Recently, Adrienne LaFrance wrote in The Atlantic about the digital death and rebirth of a story that was a Pulitzer Prize finalist in 2008. Because “The Crossing,” a 34-part series originally published by the Rocky Mountain News, was born digital, it was not as easily archived as print stories, and its journey from obscurity to resurrection was moving.
I loved LaFrance’s story. It was masterfully written, and it touched on most of the issues that digital preservationists grapple with every day. Coincidentally, the story was published the same week as a special issue of Newspaper Research Journal called “Capturing and Preserving the ‘First Draft of History’ in the Digital Environment,” which is a collection of scholarly papers (including my own) about preserving digital news.
Which led me to wonder: In 20 years, will anyone be able to read LaFrance’s story?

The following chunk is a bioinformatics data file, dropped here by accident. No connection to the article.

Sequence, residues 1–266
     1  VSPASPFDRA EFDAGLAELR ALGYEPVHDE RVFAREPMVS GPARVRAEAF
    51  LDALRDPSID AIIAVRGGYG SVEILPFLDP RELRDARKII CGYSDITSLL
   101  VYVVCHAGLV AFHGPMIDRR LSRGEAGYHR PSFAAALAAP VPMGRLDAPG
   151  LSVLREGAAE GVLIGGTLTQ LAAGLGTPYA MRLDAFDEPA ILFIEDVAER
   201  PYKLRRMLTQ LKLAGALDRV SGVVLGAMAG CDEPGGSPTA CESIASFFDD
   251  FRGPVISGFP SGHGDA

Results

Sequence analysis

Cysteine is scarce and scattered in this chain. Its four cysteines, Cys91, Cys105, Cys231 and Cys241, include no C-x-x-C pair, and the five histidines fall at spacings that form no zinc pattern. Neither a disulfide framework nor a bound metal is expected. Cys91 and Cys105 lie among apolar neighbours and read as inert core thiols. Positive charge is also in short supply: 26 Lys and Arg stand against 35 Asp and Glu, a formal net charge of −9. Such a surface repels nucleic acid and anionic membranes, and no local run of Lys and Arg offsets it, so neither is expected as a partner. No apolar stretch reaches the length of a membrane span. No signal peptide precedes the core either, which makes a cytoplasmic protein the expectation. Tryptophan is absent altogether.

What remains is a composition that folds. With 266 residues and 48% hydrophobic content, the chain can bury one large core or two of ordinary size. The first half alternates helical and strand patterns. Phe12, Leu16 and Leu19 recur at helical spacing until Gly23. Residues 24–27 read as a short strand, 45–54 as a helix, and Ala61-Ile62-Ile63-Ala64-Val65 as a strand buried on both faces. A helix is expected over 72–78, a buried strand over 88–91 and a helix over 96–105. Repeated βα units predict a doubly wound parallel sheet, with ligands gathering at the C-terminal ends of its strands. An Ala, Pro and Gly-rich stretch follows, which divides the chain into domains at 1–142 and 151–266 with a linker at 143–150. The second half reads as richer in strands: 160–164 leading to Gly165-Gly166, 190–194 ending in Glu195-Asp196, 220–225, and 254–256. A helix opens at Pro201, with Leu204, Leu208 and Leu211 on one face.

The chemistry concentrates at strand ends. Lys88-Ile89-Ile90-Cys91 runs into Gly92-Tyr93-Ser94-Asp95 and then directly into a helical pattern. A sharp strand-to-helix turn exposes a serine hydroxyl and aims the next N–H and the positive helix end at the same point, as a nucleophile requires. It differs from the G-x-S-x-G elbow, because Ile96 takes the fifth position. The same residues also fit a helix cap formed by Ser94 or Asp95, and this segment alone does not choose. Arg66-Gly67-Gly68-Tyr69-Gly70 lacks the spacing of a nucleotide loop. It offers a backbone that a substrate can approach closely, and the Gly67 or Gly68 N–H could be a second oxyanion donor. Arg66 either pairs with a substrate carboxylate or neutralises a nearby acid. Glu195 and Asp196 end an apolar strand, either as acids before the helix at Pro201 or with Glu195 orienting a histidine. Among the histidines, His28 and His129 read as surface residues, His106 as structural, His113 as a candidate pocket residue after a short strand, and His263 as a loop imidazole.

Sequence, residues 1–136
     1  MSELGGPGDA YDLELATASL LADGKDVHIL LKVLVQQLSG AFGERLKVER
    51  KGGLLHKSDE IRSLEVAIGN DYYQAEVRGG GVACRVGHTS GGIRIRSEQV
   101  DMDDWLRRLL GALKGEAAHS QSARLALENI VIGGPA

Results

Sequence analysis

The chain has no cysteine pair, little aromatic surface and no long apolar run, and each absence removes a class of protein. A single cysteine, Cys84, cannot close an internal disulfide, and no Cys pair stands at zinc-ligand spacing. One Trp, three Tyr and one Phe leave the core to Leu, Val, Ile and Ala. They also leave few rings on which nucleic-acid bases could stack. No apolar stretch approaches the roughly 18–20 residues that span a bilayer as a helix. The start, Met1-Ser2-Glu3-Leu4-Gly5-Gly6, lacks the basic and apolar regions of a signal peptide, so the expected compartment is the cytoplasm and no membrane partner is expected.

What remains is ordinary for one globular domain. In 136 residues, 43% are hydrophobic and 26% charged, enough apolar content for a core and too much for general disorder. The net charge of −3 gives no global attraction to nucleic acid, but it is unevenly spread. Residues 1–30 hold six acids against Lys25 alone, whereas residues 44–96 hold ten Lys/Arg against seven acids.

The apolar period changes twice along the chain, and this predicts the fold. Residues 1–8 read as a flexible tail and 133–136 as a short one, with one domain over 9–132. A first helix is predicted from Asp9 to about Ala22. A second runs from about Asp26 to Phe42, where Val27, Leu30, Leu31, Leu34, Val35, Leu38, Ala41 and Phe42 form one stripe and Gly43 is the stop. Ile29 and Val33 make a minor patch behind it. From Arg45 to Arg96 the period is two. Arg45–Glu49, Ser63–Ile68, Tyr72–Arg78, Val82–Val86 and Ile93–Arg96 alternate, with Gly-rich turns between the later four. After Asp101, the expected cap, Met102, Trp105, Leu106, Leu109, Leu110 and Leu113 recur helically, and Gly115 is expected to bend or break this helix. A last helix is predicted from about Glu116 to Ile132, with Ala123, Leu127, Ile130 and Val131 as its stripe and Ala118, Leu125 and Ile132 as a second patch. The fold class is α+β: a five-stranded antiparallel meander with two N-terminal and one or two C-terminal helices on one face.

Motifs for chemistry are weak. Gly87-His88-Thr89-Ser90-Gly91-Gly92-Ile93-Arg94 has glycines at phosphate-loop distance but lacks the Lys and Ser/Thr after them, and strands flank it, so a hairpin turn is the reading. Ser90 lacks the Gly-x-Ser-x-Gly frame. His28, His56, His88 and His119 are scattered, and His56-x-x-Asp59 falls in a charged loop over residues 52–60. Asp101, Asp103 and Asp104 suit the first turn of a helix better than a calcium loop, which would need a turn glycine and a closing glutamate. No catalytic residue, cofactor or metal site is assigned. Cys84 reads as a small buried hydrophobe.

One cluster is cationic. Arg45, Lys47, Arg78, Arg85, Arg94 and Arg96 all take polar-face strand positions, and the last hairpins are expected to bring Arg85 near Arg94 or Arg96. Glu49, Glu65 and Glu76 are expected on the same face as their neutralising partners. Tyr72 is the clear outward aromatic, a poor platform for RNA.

There is no guarantee that we will be able to read today’s news on tomorrow’s computers. I’ve been studying news preservation for the past two years, and I can confidently say that most media companies use a preservation strategy that resembles Swiss cheese.
My contribution to the NRJ special issue centers on news apps, the interactive databases like ProPublica’s “Surgeon Scorecard” that allow readers to read a story, search for themselves or their community in the data, and then figure out exactly how the story affects their own lives. When a data journalist calls something a “news app,” it doesn’t mean the thing you download from the App Store. ProPublica’s Scott Klein explains: “Inside newsrooms, these interactive databases are sometimes called ‘news applications’—but don’t be confused. They’re interactive databases published on the web, not something you buy on your smartphone. Think Dollars for Docs, not Flipboard or Zite.”